Summary of My AHA Moments – CTT Coaching Program – Part II

Summary of My AHA Moments – CTT Coaching Program – Part I
August 21, 2018
Principles of IDK
Principles of IDK
September 3, 2018
Show all

Summary of My AHA Moments – CTT Coaching Program – Part II

Summary of My AHA Moments – CTT Coaching Program – Part II

 

Following is a 2nd part of a 2 part series article which summarises my key AHA moments which I experienced during the CTT Coaching program (April 2018 online batch).

Part I covers Internal Aspect and Part II 2 talks about Process Aspects.

Part II: Process Aspect

1.Create awareness through exploration:

The main task for a coach is to focus on creating awareness in mind of client about this issue at hand – it’s importance to client – it’s impact on client – client’s emotions related to the issues – the beliefs that client has and much more. The coach would achieve this by exploring a variety of things around the issue at hand.

If this process of creating awareness through exploration is done well, chances are high that the client would get what they are looking for!

2.Leading question Vs exploration

During coaching, it is important for a coach to ask questions which lead to generating awareness in the mind of client. Coach should refrain from asking a question which takes the conversation in the direction which coach wants (by asking leading question)!

It is the client who decides where to steer the conversation. As the direction chosen by coach could be exactly opposite to where the client wants to go!

3.Power of ‘What else..’

The question ‘What else’ is one of the powerful tool the coach has in his arsenal. In normal conversation, the client would give some response to a question asked by the coach. But when the coach asks – ‘What else’ – the client is forced to think more about the issue at hand – now the client has to go deeper within to respond – at times the client has to think of more perspectives about this issue at hand.

The ‘What else’ questions brings deeper insights about the issue at hand than a normal ‘question-answer’ transaction.

4.Power of Paraphrasing

During coaching, it highly recommended for the coach to paraphrase at regular intervals. It does 2 things – one – it ensures continuity in the conversation; second and important – it confirms if the coach has captured and internalized everything (data, emotions, etc) that client wanted to share.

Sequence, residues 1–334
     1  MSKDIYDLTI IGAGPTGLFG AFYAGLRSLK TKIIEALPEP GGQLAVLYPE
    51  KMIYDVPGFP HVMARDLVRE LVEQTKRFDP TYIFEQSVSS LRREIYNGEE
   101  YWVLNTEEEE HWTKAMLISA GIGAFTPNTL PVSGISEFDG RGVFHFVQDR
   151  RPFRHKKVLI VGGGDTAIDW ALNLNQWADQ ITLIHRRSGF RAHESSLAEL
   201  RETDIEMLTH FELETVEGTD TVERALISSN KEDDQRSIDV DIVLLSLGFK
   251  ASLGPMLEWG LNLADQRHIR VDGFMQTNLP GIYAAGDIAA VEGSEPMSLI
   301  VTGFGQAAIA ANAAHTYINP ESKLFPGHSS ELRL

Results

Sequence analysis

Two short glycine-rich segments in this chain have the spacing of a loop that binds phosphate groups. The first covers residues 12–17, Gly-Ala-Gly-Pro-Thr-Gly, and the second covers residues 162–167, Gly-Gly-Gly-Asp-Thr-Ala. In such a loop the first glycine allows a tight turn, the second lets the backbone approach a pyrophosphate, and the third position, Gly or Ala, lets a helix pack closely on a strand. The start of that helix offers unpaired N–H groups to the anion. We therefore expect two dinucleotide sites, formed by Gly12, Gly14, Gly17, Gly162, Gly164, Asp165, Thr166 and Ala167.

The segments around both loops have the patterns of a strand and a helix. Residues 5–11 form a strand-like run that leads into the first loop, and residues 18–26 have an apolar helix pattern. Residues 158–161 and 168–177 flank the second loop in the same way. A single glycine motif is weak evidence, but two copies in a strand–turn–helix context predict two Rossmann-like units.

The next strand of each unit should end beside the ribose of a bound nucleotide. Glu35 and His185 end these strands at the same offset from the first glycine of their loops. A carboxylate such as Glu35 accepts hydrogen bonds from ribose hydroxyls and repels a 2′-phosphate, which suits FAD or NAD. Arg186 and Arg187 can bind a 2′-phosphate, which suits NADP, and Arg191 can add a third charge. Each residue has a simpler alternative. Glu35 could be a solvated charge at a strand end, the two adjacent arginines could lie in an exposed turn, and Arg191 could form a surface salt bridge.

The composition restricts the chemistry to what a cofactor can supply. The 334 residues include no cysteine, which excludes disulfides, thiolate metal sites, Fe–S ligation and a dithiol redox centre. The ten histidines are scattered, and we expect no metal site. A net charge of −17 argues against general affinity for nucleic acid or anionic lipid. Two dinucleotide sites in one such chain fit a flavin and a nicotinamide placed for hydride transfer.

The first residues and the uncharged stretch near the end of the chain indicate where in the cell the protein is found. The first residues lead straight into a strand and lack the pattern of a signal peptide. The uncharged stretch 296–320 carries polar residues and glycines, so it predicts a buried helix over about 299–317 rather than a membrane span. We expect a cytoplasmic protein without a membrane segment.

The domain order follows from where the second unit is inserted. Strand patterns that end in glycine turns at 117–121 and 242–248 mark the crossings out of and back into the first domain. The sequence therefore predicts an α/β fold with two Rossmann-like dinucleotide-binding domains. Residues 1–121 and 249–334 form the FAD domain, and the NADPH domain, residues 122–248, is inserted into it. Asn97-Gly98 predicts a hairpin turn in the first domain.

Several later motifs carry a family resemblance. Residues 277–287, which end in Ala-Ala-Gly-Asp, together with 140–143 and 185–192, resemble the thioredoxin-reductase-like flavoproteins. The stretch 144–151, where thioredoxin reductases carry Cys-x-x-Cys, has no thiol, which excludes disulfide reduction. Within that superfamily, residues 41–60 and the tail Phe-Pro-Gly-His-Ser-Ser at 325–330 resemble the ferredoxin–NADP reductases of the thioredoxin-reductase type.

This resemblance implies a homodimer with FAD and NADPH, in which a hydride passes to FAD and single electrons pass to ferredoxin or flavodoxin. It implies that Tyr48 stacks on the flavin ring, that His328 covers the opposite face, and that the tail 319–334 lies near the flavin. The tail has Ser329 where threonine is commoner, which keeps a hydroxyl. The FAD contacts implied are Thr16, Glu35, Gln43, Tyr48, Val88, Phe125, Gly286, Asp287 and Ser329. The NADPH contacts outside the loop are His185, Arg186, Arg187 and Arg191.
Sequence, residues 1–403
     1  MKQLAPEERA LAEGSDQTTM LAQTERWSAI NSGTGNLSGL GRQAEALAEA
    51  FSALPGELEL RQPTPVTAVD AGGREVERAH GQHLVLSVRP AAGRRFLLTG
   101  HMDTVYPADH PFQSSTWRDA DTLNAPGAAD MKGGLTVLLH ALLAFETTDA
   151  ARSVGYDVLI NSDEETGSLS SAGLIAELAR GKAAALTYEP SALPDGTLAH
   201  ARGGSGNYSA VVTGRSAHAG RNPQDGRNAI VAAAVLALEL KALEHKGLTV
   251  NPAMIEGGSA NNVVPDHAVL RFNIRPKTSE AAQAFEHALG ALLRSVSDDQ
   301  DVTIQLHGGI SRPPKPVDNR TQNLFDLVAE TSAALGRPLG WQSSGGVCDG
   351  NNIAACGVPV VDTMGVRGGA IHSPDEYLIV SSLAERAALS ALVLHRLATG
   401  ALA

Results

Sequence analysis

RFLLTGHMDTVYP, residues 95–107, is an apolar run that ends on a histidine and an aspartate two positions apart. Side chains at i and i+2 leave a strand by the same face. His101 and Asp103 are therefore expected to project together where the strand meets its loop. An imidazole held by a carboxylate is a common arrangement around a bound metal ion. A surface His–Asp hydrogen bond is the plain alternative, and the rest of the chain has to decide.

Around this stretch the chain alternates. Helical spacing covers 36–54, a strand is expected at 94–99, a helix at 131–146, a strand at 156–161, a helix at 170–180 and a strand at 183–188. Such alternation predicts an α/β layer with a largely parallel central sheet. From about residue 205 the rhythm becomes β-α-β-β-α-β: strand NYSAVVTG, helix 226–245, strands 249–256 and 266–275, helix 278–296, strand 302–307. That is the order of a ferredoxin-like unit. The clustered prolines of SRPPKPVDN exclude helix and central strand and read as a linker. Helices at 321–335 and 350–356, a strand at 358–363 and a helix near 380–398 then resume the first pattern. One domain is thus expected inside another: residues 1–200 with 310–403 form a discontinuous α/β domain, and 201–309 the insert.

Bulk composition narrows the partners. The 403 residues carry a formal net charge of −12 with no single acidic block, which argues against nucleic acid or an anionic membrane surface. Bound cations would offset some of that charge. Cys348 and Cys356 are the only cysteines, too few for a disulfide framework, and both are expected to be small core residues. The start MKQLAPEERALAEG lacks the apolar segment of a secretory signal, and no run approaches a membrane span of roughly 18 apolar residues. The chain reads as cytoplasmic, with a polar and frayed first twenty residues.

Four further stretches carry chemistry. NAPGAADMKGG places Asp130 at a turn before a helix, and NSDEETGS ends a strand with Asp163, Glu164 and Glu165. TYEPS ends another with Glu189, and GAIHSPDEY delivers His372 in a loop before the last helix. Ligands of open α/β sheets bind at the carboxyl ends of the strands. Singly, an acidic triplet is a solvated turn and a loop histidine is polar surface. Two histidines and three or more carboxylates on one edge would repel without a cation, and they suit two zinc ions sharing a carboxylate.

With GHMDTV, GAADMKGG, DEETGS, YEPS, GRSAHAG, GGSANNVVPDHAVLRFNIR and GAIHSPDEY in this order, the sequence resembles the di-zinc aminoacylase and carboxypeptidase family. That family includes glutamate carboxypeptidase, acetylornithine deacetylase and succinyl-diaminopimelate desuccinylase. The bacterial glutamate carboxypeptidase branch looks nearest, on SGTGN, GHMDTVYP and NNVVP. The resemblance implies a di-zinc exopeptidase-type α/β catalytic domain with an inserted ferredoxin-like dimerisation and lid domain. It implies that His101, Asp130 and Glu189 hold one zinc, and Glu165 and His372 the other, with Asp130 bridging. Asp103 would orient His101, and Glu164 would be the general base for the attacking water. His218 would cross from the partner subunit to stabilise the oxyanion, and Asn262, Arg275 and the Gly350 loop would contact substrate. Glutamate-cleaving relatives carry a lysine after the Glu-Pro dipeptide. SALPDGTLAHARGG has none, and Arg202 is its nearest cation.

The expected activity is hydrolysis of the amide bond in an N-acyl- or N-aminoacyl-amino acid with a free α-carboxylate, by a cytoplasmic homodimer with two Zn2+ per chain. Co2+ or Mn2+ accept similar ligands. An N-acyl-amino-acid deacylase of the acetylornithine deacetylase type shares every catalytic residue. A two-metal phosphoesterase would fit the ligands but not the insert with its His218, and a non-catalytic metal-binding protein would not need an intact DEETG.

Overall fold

@ Vivek Yatnalkar – 2018

Some of the coaches, in a hurry to finish the session, choose not to paraphrase at regular interval only to find out at the end that they missed some critical information on the way!

5.Do not take notes during coaching session

I am one of those compulsive note takers who have a need to note down every word in the conversation. My mentor made me realise that – when I take notes – I lose eye contact with the client – I do not see what the client is trying to communicate with me through his body language – at times I might be missing a few key words shared by the client.

Overall – I was not ‘present’ there!

My mentor suggested to me to do coaching session without taking notes. Initially it was a bit difficult. But as I got used to this, I started listening to what client was sharing with me – both verbal and non-verbal. This also enhanced the overall effectiveness of the session.

I was ‘present’ there by not taking notes during the session!

@ Vivek Yatnalkar – 2018

About the Author

 Vivek Yatnalkar is a Coach, Facilitator with 24+ yrs of experience in Corporate world and L/D space. He works with Senior/ Top Management in the areas of Leadership Development, Collaboration, OD, Executive Coaching. He regularly works as volunteer with various NGOs.

Rajat Garg
Rajat Garg
Rajat is a Master Certified Coach (MCC) with over 18 years of industry experience and over 2500 hours of coaching experience, helping people and organizations attain maximum effectiveness. His background includes working with CXOs, senior managers, managers and board of directors of small private companies to multi-billion dollar publicly traded organizations.

Comments are closed.